Esther (how to dramatize)
When my children studied the book of Esther, we re-enacted the story with costumes and a script. An older child can write the script, or you can purchase one, or you can ad-lib it. Most of the time when we dramatize a Bible story, we will just make it up as we go, based on the story and how the characters would have felt.
At the beginning of the story, Queen Vashti refused to come to the king when he called her in a drunken stupor. My daughter folded her arms and refused to come. As a result, the king wished to replace his queen, and he looked all over the kingdom for beautiful women.
Esther was found, and she had beauty treatments. She was chosen by the king as his next queen. Mordecai was like an adopted father for Esther, who was an orphan. He refused to bow down to Haman, who was the wicked second-in-command ruler. So Haman decided to have Mordecai and all his people (the Jews) killed.
Mordecai sat in sackcloth and ashes, crying out to God in anguish for his people. My son Bryan did a good job in capturing the emotion of that scene. (No, we didn't use ashes, but you could if you went outside, I suppose. You'd get the costume dirty, though.) Mordecai sent for Esther, to ask her to implore the king to spare her people.
Esther was scared as she entered the king's presence, since people were put to death for such things. But the king extended his scepter to Esther as she bowed down. (My son Nathaniel enjoyed being the king. His little sister doesn't usually show such respect to him!) She invited the king and Haman to dinner three times. The children enjoyed eating their three dinners at the coffee table with the silver goblets and fake food.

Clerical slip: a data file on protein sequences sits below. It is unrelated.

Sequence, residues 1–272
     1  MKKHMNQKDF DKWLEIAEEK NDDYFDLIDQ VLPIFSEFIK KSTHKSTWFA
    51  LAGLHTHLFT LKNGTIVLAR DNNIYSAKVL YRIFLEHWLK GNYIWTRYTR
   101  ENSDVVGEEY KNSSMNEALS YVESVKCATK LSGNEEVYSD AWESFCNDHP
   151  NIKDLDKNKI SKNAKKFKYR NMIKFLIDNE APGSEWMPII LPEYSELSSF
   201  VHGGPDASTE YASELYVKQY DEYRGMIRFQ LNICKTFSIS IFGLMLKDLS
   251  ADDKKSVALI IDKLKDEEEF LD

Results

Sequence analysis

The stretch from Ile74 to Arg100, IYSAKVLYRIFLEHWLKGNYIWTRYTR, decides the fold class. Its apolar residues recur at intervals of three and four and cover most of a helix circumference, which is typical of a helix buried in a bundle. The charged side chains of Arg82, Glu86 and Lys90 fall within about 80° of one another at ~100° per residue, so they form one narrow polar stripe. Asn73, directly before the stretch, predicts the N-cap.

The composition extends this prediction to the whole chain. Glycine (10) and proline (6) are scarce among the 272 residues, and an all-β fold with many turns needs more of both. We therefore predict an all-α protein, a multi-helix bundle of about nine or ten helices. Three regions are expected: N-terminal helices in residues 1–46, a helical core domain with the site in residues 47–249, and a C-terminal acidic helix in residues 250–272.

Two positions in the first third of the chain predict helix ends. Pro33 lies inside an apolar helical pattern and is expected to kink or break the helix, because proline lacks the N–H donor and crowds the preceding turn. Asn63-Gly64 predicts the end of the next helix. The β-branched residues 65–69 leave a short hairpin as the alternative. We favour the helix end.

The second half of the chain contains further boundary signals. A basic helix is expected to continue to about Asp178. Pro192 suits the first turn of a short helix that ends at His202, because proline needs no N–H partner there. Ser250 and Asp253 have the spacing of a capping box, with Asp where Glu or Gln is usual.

But before the third dinner took place, Haman built a gallows so that he could hang Mordecai. Meanwhile, the king couldn't sleep, so he had a servant read him some boring chronicles of palace life. The servant read that Mordecai had saved his life, so he decided to reward him, since Mordecai hadn't been rewarded yet.
Lo and behold, Haman was whistling as he walked down the halls of the palace in the middle of the night. (What was he doing there anyway, at that time of night?) The king asked him how to reward someone that he wanted to honor. Haman thought he was the one who was going to be honored, so he said to put the man on the king's horse, with royal robes and a crown on his head, and parade the man down the street. In an ironic twist of fate, the king stated, “Do all this for Mordecai.” I can only imagine how horrified Haman felt, and humiliated, too, to show honor to the man he wanted to murder.
At the last dinner with Esther, she asked the king to spare her people. She told the king that Haman was trying to kill her people, the Jews. The king left the room, and Haman got on his knees and begged Esther to spare him. (I think Rachel enjoyed her brother's begging.) The king walked in and ordered that Haman be hung on his own gallows. (No, we didn't act out the gallows scene.)
Thankfully, the Jews were able to defend themselves, so a mass genocide did not occur that day. The feast of Purim is celebrated by the Jews to this day, to commemorate this historic event.